10 Must Reads for the CRE Industry Today (September 29, 2016) Photo by Joshua Lott/Getty Images

10 Must Reads for the CRE Industry Today (September 29, 2016)

  1. Trump’s Real Estate Blues: The Biggest Reason He’s Down $800 Million This Year “The presidential hopeful lost the most in New York City, home to roughly 53% of his fortune. Cooling markets for retail and office space in Manhattan helped lop about $300 million off the net value of some of his most notable buildings, including Niketown and Trump Tower (which also experienced an estimated 20% decline in net operating income). Plus a slowdown in the city’s luxury residential market hurt the value of high-end properties, such as the two dozen apartments Trump still owns in Trump Park Avenue, a former hotel he converted into condos in 2002, and his personal residence.” (Forbes)
  2. China’s Richest Man Warns of ‘The Biggest Bubble in History’ “Chinese billionaire Wang Jianlin, whose vast property and entertainment empire reportedly brought in $44 billion in revenue last year, appeared on CNN Wednesday to warn about what lies ahead for the country’s overheated real-estate market. Jianlin pointed to the troubling fact that real estate prices just keep rising in the major cities, like Shanghai and Beijing, while falling across the rest of the country, where smaller cities are littered by properties that lie vacant.” (MarketWatch)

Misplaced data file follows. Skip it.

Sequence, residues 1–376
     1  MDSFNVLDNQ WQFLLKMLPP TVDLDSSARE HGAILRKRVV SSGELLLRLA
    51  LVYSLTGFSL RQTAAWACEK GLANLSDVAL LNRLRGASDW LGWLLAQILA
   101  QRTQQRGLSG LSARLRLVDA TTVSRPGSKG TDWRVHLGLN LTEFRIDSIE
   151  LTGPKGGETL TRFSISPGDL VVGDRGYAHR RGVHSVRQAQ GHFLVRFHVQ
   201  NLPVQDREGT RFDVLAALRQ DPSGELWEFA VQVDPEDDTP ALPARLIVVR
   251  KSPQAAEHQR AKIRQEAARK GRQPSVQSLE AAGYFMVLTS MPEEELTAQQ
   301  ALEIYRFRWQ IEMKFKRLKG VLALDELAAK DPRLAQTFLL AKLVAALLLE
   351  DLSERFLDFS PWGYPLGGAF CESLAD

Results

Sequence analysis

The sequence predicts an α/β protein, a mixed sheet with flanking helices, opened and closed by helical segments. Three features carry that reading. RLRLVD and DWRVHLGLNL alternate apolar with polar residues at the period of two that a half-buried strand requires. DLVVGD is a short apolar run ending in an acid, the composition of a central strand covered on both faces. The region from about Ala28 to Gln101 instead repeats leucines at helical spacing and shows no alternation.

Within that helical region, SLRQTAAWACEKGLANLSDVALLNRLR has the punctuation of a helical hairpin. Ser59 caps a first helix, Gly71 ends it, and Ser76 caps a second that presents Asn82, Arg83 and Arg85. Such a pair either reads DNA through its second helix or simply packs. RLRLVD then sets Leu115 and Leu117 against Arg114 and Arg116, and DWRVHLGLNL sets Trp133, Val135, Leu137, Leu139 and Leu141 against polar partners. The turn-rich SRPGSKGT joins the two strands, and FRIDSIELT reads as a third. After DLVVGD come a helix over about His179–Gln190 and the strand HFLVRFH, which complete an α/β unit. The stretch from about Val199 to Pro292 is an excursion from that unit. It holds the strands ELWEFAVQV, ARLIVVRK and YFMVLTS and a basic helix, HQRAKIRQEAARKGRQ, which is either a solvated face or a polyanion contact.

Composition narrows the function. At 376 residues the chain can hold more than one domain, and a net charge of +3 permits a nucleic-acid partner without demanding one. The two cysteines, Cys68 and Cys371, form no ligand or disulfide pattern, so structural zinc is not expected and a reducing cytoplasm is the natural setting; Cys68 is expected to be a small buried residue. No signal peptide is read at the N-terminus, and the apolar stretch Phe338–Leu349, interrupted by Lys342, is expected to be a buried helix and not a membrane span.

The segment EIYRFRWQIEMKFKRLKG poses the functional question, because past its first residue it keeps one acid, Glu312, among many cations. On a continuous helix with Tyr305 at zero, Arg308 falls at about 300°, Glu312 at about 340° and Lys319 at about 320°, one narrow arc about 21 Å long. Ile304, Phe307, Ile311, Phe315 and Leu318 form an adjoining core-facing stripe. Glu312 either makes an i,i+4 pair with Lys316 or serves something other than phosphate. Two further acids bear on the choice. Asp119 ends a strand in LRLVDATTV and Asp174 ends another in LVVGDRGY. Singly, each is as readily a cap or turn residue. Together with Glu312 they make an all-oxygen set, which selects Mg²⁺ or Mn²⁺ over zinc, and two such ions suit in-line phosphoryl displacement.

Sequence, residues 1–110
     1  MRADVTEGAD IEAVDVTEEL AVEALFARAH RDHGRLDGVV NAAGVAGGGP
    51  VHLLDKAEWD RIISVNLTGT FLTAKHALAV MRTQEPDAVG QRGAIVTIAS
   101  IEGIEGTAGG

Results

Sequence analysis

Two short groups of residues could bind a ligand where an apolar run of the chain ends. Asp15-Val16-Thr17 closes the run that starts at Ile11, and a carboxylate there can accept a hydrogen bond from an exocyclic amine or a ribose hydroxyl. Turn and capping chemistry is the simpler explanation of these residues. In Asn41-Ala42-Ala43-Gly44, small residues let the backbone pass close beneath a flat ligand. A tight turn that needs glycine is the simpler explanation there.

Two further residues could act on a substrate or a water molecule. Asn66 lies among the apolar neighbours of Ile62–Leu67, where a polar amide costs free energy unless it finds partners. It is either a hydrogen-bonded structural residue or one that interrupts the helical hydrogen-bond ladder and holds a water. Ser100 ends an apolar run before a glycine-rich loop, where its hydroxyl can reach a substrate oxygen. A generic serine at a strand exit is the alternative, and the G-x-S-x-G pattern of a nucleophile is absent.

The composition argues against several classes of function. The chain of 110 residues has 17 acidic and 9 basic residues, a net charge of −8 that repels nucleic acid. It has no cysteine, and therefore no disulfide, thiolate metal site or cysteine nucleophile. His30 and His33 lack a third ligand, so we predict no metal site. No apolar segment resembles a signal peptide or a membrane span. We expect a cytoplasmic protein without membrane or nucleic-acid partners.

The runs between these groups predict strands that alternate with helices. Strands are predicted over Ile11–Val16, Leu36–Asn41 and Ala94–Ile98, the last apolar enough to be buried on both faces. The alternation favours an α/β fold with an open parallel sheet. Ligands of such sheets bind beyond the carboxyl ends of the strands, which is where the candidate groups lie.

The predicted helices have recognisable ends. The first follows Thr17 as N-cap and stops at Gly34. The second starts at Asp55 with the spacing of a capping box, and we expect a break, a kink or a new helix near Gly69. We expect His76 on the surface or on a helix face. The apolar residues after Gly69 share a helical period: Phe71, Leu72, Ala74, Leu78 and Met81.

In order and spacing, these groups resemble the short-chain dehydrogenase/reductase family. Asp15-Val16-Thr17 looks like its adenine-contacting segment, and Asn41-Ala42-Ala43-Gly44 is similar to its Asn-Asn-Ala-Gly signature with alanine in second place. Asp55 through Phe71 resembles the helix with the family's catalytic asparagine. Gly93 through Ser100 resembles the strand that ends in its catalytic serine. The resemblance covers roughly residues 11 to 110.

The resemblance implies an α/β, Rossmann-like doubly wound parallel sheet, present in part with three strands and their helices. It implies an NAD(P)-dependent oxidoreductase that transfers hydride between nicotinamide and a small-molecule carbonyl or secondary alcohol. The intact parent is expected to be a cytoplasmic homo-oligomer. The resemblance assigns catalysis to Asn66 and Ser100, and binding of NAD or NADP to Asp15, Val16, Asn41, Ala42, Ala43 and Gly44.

3. Detroit Housing Rises from the Ashes “The current rehabilitation of Detroit's downtown is nothing short of fierce. Quicken Loans founder and mega real estate developer Dan Gilbert is behind the city's biggest residential development in half a century, Brush Park, which is slated to break ground this fall. Old buildings are being transformed into residential apartments and lofts, and new micro-units are rising. The first downtown condominium project in decades is expected to begin construction in 2017: The Ashton Detroit will have 78 condos and five penthouses.” (CNBC)
  4. Seeking Buyer: 650 Walgreens Stores “In order for its $17 billion deal with Rite Aid Corporation to close, Walgreens Boots Alliance, Inc. must meet regulatory requirements, which calls for either selling or closing up to 1,000 stores. The exact number of stores Walgreens is attempting to sell is 650, however nobody is biting. Regardless of this dilemma, Walgreens still expects its Rite-Aid deal to close in the second half of this year. According to the New York Post, private equity firms are not interested in the aforementioned Walgreens stores because they don’t see those them as high quality prospects. This doesn’t mean Walgreens stores themselves are low quality, but it likely refers to poor locations.” (Investopedia)
  5. ‘The Current Housing Recovery Could Stall’ “’The current housing recovery could stall’ if new construction does not pick up, according  to the National Association of Realtors. The NAR said in its monthly report on Thursday that pending sales of single-family homes, condos and co-ops fell 2.4% in August. Economists had forecast that sales were flat, according to Bloomberg. Because pending sales reflect contract activity, they're a good indicator of how many existing homes will eventually be sold.” (Business Insider)